For further help managing your new business’s finances, try the ZenBusiness Money App. It can help you create invoices, receive payments, transfer money, and manage clients all in one place.
Vermont LLC FAQs
How much does it cost to start an LLC in Vermont?
The cost of establishing your Vermont LLC is relatively low.
The state fees for forming a Vermont LLC can range from $125 to $145, depending on factors such as whether you choose to reserve your business name. Note that fees change over time, so check the Vermont Secretary of State website for the most recent fee schedule.
You may need to apply for permits or licenses, which will incur additional costs. This depends on what type of business you are operating. Businesses that often require additional licenses or permits include food services, plumbing, and construction, among others.
What are the benefits of an LLC in Vermont?
A Vermont LLC offers many advantages. Here’s an overview of how you benefit:
- A streamlined, simple startup process
- Additional organizational guidance possible with an operating agreement
- A low filing fee
- Added protection through the separation of the business entity and your private person
- Easy tax filing through the use of the state’s myVTax portal
How is a Vermont LLC taxed?
Your Vermont LLC tax obligations vary depending on whether you choose to be taxed as a corporation, multi-member LLC, or single-member LLC. If you choose to pay individual income taxes on the profits you take out of the LLC as a member, you will be subject to Vermont’s personal net income tax rates.
Be aware that all Vermont LLCs must file an annual report with the Vermont Secretary of State Corporations Division. This must be submitted within the last three months of the company’s fiscal year, as designated in your Articles of Organization. You can file online or by mail. There is a filing fee for a Vermont-based LLC.
Your business may also be subject to other types of taxes, depending on how it operates. If you have hired employees, for example, you must pay employer taxes. If your LLC will be selling a physical product, you’ll need to register for a seller’s permit through the Vermont Department of Taxes website; this will allow you to collect sales tax on taxable sales.
What is the processing time to form my Vermont LLC?
This depends on how you file your Articles of Organization with the Secretary of State. If you submit a paper application via mail or in person, expect to wait for seven to 10 business days. Online submissions are usually processed on the same day.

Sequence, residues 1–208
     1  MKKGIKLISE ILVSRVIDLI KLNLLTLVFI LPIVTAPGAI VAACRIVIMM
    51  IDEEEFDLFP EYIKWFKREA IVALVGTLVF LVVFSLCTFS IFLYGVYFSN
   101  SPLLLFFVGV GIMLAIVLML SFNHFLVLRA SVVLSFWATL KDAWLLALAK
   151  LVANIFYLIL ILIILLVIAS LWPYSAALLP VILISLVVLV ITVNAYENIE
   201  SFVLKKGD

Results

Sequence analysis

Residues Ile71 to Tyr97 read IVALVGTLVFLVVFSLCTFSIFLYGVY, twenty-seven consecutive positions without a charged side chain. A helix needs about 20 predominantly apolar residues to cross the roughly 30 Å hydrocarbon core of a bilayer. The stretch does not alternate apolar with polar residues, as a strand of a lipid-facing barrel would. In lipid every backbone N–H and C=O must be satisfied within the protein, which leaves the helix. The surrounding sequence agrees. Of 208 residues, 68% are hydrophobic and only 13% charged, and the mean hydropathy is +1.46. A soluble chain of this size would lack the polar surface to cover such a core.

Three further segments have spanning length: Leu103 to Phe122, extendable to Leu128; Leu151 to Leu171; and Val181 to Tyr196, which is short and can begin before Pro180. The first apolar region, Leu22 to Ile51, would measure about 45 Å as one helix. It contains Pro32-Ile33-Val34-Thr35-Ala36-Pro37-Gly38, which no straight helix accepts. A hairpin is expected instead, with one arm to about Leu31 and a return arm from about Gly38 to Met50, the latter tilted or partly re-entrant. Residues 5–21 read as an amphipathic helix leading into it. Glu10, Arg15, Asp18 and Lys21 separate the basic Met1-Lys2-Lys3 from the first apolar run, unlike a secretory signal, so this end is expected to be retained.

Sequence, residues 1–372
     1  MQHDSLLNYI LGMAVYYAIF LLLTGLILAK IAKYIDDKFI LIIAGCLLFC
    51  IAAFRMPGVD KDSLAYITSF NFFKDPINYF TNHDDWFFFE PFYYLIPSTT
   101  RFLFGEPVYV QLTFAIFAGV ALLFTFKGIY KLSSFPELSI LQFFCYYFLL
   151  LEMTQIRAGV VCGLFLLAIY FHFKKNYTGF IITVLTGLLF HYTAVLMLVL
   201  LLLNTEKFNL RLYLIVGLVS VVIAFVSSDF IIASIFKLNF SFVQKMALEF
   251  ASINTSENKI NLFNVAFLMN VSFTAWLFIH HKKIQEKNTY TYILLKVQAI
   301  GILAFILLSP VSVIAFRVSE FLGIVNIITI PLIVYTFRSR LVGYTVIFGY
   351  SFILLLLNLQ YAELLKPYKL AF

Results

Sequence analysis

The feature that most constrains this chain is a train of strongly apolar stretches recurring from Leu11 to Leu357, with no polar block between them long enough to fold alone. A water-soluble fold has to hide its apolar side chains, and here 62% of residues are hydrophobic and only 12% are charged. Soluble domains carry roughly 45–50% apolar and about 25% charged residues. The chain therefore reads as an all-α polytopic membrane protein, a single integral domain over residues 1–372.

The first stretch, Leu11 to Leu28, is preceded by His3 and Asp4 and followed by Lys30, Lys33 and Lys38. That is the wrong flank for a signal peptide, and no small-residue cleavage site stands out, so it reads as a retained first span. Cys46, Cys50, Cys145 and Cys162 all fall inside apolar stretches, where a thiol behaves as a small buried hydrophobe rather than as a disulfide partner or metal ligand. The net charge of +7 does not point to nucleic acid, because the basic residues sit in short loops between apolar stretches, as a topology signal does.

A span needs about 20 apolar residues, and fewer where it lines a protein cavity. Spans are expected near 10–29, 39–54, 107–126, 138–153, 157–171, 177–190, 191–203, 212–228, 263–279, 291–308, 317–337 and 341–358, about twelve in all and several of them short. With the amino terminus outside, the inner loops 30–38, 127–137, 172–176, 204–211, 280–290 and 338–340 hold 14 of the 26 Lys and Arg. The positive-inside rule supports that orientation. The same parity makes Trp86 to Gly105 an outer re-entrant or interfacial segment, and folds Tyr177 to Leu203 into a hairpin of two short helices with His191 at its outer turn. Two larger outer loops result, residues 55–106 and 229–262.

Do I need to file my operating agreement with the state of Vermont
There is no legal requirement to submit an operating agreement when filing your Articles of Organization. Creating an operating agreement is highly advisable, however, as it sets distinct guidelines on who will manage the business and how.
What tax structure should I choose for my Vermont LLC?
LLCs typically elect the default tax status, which means that owners pay state and federal taxes on income earned from the business as part of their individual taxes. This is unlike most corporations, in which profits are taxed twice, first at the business level and again at the individual shareholder level. Larger LLCs sometimes find it advantageous to file taxes as a corporation. It’s best to consult with a tax professional on what model best suits your needs, however.
Does Vermont allow a Series LLC?
A Series LLC consists of multiple LLCs, which operate under the auspices of one larger LLC. Each LLC has its own assets, rights, and obligations. Series LLCs are not currently permitted in Vermont.
Which licenses and permits are required for an LLC in Vermont?
You’ll need to make sure your Vermont LLC has all the licenses and permits it’s required to have by law. Unfortunately, because licensing varies by industry and location and can occur on the federal, state, and local levels, there’s no central place to check to see if you have all the licenses and permits you need. You’ll have to do some research.
If you don’t have the time or inclination to do all this research, or if you just want the peace of mind to know that your business has all the licenses and permits it’s legally required to have, our business license report service can do the work for you.